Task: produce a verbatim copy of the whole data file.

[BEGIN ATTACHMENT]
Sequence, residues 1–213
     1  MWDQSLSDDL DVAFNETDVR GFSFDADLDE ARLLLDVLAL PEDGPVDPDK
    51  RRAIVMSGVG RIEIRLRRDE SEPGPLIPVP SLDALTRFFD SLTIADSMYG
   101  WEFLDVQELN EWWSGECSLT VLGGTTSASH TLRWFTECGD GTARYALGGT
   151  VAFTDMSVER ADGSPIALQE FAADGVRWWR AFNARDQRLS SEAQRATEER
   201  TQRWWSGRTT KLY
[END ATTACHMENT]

Sequence, residues 1–213
     1  MWDQSLSDDL DVAFNETDVR GFSFDADLDE ARLLLDVLAL PEDGPVDPDK
    51  RRAIVMSGVG RIEIRLRRDE SEPGPLIPVP SLDALTRFFD SLTIADSMYG
   101  WEFLDVQELN EWWSGECSLT VLGGTTSASH TLRWFTECGD GTARYALGGT
   151  VAFTDMSVER ADGSPIALQE FAADGVRWWR AFNARDQRLS SEAQRATEER
   201  TQRWWSGRTT KLY